The Time is Now

John 4:23

But an hour is coming, and now is, when the true worshipers will worship the Father in spirit and truth; for such people the Father seeks to be His worshipers.

May I suggest, the hour is now. We are in the hour of which John spoke. Do you have any doubt about that? One good thing the year 2020 has done for us, or should have done for us, is to focus us on that which is important. We should have clarity about the focus of our lives. We are nearing the end of days. This is the time God spoke about through the Apostle John. We have been called to true worship. There is a call out for true worshippers. There is no room remaining for the players. Paper dolls will fold. When we don’t have on our make-up and our Sunday best, what do we look like? Who are we?

I suggest we are the “new” breed of Christians, but when I say that, I think back about the old fashion saints who are our models; people who were, and are, devout in their service to the Lord and dedicated to worship and prayer. True worshippers are not Baptist, Methodist or Catholic. They are every denomination and no denomination. They are sold out Christians who love God and are committed to Christ. And, they are the people the Father seeks.

Regardless of our denominational title we are emerging as a devoted group. There is no room left for pretend Christians whose service to God is superficial. Instead, what you are going to begin to see is people who cash in all their chips on Jesus. They will shed their outer garments and reveal their super-Christian prayer robes. They will worship God in the midst of their friends and family. Their workplaces will become temples of the Holy One.

These are the days. This is the hour. Join the wave and let your true colors show. Lead in true worship from a pure heart.

See also John 4: 24

Connected

Psalm 96: 1 – 2

Sing to the Lord a new song; sing to the Lord, all the earth. Sing to the Lord, bless His name; Proclaim good tidings of His salvation from day to day.

I wrote to you last week about praise. This song is titled “A call to Worship.” I think this is worth some thought. As you read further in this psalm the author also says to take an offering to the Lord. This made me think of how we can partner with the Lord in devotional unity against the viral situation we are facing but also unified towards and in one another.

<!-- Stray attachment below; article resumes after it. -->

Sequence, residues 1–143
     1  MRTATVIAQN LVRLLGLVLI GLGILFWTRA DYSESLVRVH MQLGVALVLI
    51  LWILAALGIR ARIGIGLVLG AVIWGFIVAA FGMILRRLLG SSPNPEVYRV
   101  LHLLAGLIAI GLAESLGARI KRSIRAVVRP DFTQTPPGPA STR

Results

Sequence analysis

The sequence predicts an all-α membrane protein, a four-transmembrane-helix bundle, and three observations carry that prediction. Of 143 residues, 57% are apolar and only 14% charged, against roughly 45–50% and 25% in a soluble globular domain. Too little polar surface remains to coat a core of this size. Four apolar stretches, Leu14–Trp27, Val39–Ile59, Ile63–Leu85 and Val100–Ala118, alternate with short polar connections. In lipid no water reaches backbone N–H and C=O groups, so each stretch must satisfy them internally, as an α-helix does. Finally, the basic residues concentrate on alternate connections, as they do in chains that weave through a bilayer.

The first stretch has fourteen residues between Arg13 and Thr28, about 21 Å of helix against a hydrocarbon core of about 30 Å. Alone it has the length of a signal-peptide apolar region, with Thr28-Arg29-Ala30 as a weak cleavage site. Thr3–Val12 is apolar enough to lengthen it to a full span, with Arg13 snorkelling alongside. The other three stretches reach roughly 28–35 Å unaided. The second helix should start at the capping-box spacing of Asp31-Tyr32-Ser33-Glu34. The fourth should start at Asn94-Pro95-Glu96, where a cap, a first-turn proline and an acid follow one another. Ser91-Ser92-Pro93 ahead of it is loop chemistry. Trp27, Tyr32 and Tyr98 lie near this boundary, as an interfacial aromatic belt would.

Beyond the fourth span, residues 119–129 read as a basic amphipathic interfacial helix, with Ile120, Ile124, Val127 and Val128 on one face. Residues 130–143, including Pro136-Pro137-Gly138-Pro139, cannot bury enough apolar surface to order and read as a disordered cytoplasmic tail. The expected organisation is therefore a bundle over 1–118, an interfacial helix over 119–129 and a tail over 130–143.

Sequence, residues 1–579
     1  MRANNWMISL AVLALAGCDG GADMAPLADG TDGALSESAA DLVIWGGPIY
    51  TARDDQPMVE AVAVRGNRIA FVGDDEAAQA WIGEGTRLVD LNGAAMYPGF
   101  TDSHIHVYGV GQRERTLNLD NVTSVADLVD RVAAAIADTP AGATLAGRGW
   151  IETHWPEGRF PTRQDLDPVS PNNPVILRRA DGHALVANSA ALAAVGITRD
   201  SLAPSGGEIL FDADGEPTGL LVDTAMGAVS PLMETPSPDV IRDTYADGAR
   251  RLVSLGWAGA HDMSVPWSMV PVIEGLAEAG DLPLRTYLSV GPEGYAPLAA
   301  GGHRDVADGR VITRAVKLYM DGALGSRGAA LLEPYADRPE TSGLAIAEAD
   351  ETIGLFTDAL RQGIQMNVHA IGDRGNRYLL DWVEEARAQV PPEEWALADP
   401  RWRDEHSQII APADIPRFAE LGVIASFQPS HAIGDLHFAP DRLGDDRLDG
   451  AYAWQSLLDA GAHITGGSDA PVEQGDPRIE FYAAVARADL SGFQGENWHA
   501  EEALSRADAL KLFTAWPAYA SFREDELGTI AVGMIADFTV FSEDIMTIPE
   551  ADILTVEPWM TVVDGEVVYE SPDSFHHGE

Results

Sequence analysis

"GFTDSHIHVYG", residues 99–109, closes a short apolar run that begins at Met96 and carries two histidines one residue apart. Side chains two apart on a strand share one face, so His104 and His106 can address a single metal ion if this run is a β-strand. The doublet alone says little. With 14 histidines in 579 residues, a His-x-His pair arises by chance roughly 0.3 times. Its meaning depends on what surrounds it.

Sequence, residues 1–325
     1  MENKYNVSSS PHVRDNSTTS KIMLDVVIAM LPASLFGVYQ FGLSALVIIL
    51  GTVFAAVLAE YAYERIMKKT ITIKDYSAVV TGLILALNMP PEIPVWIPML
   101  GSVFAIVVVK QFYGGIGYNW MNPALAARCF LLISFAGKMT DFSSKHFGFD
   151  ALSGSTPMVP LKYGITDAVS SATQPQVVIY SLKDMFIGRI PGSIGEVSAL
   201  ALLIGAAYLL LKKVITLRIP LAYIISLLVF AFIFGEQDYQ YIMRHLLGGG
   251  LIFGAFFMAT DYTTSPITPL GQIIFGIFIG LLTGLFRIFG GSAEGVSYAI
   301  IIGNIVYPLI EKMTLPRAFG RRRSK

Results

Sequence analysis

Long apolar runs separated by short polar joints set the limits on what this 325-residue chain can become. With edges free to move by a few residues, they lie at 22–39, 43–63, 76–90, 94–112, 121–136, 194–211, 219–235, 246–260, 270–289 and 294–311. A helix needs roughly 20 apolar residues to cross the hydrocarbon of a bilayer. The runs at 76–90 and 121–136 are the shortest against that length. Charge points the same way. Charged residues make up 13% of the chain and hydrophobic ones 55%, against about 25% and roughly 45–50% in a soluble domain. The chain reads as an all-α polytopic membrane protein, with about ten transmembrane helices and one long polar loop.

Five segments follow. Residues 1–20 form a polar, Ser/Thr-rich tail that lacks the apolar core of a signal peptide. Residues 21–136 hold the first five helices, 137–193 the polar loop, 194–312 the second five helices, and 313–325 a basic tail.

We are living in a historical moment, no doubt. I have asked myself this question, “When I look back at this time, what will my own legacy be? What will be said of me?” I have answered that I want to grow, spiritually especially, and have looked after myself physically with a good diet and exercise. When hardship strikes, one of the ways we can fight back is to become better versions of ourselves. Make a silver lining. Romans 8: 28 promises that God will help us do just that. If we will give Him our lemons, He will make lemonade.

So, what are we going to do during this time of challenge? Hopefully we will never have to experience a time like this again but there will be other challenges in our lives. How do we respond to them? Do we grow or crumble? Can I come out stronger on the other side?
Here is the other question this psalm brings to my mind? Does praying, praising, worshipping or giving offerings to the Lord stimulate Him to action? That is what this psalm seems to suggest. I do not believe that our Father is sitting on His hands. Further, I do not believe there is anything I can do, or need do, to cause our Father to feel compassion. He is the embodiment of compassion. So, why this psalm?

There is something which happens when we praise, worship and make an offering? We are not moving God to action; we are activating our hearts. That is what is so important, in fact, it is vitally important. God’s heart is crying out for people who will connect with Him. We are His hands in the earth. We are His feet. If we fully understood this “partnership” we would be amazed at the power Yahweh has put in our hands. With a prayer you can “put ten thousand to flight,” (Leviticus 26: 8 KJV). Jehovah God has put weapons, or tools, if you prefer, in our hands. I wrote last week (Monday, April 6, 2020) that praise is one of the biggest guns we have (please forgive my weapon analogy but it works in my heart. Translate it to tools for yourself if you prefer). I wanted to disclose in that Word of the Day the strongest of all weapons but didn’t because I did not want to veer from the point of that message. However, I find my greatest tool in the time of great stress is an offering. I pull out my checkbook and give to a ministry. This is not a time I give to the Red Cross or any other worthy charity. I give into the hands of God. For some of you prayer is your biggest hammer. Others are able to release themselves into this partnering with God through praise. My worship and weapon is a check to an anointed ministry which feeds me. It puts power in my hands but more importantly it releases my faith. I feel that I am connecting with my Lord and that I am striking a blow against the enemy. I don’t give hoping something will happen. I give knowing I am impacting the world around me.